I love a sewing magazine. So when I spied the March 2018 issue of La Maison Victor sewing magazine at Jo-Ann, and it jumped in my cart. (That happens with a lot of things at Jo-Ann, ha ha.)
La Maison Victor sewing magazine is a Belgian publication, and a test issue in English (affiliate link) came out in summer 2017. The test issue was a success, and the March 2018 issue marks the beginning of regular English publication.
La Maison Victor describes itself as delivering “contemporary handmade fashion.” The patterns and photo styling remind me of Boden (from the U.K.) and J. Crew’s Crewcuts for the kids’ patterns. The feel is somewhere between a ladies’ lifestyle magazine and a DIY mag. There’s home and family content with the sewing patterns and instructions.
Let’s read it together, shall we? In this 13-minute video I show this issue’s patterns, talk about the mag’s different features, and provide a 30-second flip-through of the whole shebang.
Content Organization for La Maison Victor Sewing Magazine
The organization of the magazine is unique. It flips between home DIYs and fashion layouts — with instructions — for the sewing patterns. This is different from Burda (affiliate link), where the lifestyle content and fashion spreads come first, followed by the patterns and pattern instructions. (I’m going to make a lot of comparisons to Burda in this post, guys, so get ready for them!)
When you look at the cover of La Maison Victor, you’ll notice it reads, “Sew it! Love it! Make it!” And that motto drives what you’ll find inside.
- Sew it: Eight sewing patterns and one knitting pattern.
- Love it: Cute DIYs (from beyond the magazine) and style inspo.
- Make it: DIYs from La Maison Victor and tips to improve your making.
What I Like About La Maison Victor
Something fab about La Maison Victor is that all construction steps are illustrated. It reminds me of Threads magazine (affiliate link), which is exhaustive in how it breaks down techniques.
Mini Pattern Sheet
To improve user experience, La Maison Victory sewing magazine include a mini pattern sheet of each project. Why does this rock? It makes it A LOT easier to find pattern pieces when you have a bunch of pattern pieces (for different patterns) printed on the same sheet of paper. This is an idea Burda should steal!
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Yay, it’s the all-magazine edition of affiliate links!
Threads Print Magazine: IMO, the best sewing magazine out there for information. Comprehensive and nerdy. I love it.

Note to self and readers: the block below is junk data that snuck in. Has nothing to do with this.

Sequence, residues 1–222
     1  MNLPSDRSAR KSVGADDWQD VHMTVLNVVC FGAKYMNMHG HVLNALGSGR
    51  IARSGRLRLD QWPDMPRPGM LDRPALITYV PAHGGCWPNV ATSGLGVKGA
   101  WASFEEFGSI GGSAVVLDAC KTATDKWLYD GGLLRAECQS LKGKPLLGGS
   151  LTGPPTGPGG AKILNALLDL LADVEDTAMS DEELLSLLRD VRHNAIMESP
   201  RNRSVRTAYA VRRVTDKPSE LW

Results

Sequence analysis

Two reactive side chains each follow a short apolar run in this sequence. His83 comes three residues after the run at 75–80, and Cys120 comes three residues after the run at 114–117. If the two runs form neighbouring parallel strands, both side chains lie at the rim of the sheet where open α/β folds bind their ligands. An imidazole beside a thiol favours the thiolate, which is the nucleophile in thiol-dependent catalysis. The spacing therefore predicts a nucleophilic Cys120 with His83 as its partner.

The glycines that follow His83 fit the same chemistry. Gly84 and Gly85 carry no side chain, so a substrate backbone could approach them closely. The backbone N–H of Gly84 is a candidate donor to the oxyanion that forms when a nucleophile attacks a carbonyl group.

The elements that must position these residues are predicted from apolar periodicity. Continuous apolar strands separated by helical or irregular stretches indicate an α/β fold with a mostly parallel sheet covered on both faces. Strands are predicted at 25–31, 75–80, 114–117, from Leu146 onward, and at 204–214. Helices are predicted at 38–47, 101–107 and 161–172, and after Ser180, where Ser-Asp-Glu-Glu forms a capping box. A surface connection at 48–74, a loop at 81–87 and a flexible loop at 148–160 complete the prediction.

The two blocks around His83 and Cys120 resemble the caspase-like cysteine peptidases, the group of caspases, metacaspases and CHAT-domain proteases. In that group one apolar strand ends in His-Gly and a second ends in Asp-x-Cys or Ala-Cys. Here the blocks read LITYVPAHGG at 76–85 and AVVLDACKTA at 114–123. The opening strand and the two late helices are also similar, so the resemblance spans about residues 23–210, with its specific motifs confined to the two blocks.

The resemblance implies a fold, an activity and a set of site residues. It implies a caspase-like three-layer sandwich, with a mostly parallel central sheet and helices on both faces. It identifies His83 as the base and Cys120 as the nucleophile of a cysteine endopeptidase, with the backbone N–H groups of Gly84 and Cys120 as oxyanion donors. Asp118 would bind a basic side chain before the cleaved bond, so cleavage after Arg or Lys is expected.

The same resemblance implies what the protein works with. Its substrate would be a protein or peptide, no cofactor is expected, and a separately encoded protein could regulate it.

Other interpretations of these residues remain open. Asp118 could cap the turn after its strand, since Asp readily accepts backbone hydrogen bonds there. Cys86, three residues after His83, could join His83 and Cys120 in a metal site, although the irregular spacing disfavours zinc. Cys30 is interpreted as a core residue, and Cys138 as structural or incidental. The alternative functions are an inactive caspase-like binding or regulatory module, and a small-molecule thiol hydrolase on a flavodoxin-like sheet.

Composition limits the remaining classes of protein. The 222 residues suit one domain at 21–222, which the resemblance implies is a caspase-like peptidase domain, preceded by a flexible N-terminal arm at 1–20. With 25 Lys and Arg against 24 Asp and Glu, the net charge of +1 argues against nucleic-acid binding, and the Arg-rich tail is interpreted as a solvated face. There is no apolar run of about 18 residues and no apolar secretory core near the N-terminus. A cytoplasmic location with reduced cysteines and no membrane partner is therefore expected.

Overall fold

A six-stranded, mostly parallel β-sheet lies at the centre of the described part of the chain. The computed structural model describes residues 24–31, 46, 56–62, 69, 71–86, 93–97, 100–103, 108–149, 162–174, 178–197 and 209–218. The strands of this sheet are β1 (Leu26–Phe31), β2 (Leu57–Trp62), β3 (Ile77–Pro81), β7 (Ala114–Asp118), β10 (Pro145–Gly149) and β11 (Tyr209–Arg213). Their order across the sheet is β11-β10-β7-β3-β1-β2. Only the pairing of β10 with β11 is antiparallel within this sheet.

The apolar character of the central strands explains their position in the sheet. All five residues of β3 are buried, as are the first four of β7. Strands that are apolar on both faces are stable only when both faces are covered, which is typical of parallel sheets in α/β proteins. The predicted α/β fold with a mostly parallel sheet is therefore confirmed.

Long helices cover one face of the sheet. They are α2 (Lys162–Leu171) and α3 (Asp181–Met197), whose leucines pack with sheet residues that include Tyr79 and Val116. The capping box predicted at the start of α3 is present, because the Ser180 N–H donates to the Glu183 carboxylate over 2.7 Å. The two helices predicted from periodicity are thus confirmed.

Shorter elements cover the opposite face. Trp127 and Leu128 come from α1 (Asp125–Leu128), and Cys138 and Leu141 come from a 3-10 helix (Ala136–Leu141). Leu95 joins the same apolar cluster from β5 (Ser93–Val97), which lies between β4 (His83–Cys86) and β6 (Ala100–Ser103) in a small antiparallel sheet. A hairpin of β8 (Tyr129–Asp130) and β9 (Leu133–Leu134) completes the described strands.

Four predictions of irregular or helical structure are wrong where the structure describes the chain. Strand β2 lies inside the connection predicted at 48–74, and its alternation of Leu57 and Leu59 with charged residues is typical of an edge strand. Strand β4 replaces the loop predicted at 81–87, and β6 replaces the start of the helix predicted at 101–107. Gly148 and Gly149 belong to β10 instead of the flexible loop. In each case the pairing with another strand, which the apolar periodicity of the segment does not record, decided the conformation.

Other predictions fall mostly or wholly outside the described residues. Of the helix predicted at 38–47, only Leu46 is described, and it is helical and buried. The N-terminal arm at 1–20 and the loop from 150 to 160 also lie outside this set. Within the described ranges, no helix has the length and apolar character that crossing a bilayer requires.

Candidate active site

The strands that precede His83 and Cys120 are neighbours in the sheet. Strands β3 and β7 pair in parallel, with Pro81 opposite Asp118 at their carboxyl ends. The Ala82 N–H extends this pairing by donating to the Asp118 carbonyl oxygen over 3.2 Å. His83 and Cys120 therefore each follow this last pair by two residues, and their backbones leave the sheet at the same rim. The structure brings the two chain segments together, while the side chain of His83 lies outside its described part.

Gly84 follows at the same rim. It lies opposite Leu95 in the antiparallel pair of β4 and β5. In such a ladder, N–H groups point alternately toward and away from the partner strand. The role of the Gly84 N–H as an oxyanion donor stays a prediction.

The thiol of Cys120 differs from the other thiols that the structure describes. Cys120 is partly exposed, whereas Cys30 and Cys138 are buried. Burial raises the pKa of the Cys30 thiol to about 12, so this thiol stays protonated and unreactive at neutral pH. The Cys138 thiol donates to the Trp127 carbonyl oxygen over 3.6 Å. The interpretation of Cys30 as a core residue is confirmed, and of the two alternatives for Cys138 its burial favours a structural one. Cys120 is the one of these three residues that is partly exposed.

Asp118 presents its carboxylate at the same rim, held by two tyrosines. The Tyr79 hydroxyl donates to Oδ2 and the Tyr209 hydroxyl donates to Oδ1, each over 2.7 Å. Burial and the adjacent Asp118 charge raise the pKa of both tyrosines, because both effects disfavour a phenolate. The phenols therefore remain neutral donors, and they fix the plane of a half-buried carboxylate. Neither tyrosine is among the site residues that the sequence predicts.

Simply Sewing Kindle Edition: Features cute patterns for you to make. I haven’t explored the digital version, but the print version is cute. From the U.K. You can find assorted print copies of Simply Sewing on Amazon, too.
Molly Makes Kindle Edition: Also from the U.K. More home dec and cutesy sewing and craft projects. Charming. Scope out Amazon from random print copies, too.
Burda Style – English Edition Print Magazine: On-trend and boundary-pushing sewing patterns for the home sewist. This is an expensive subscription ($90/year), but that breaks down to $7.50 per issue, and each issue is practically exploding with patterns; it’s a good value. I think Burda’s patterns for plus sizes are super cool.
Sew News Print Magazine: I view Sew News at Threads Lite. It’s targeted at younger sewists than Threads (20s and 30s).
What Could Be Better
Like Burda, if you want to sew a pattern, you have to trace off the pattern pieces. I know this isn’t popular among a lot of sewists. I almost always trace off, so I’m not put off by it.
The following news, though, is kind of a bummer: The sewing patterns DO NOT include seam allowances. *Sad trombone noise.* You find the seam allowances in the instructions, and the seam allowances vary depending on the pattern piece. In other words, you have to pay A LOT of attention to seam allowances.
I bought this mag because the Omer moto-style jacket caught my eye. (It’s a man’s pattern, but I could resize it for my frame.) This pattern has 15 pattern pieces. Between tracing and adding seam allowances, this pattern is a beast before I touch any fabric!
I found the sizing charts tricky. First, there are two sizing charts: one for the U.S. in imperial and one for Europe and the U.K. in metric. So, if you don’t see your preferred system of measurement, keep flipping; it’s there!
Second, the imperial (inches) measurements are… odd. For example, the height measurements look like this — 5’24”. Does this mean the height is about 5-feet-1/4-inches, or about 5-feet-2-inches? Or something else? Then the measurements for chest size, waist measurement, and hip measurement have decimals (e.g., 28.3″), which is strange for measurements in inches.
Also good to know: I could not find finished garment measurements for any of the patterns. My advice is to measure your pattern pieces and/or make a muslin!
Over to you: Have you picked up a copy of La Maison Victor sewing magazine yet? Whadya think? Have you sewn a La Maison Victor pattern? Please sound off in comments! Thanks for reading!
P.S. ICYMI, here’s the previous post: Victory Patterns Ulysses Trench: Chic Mom Vibes.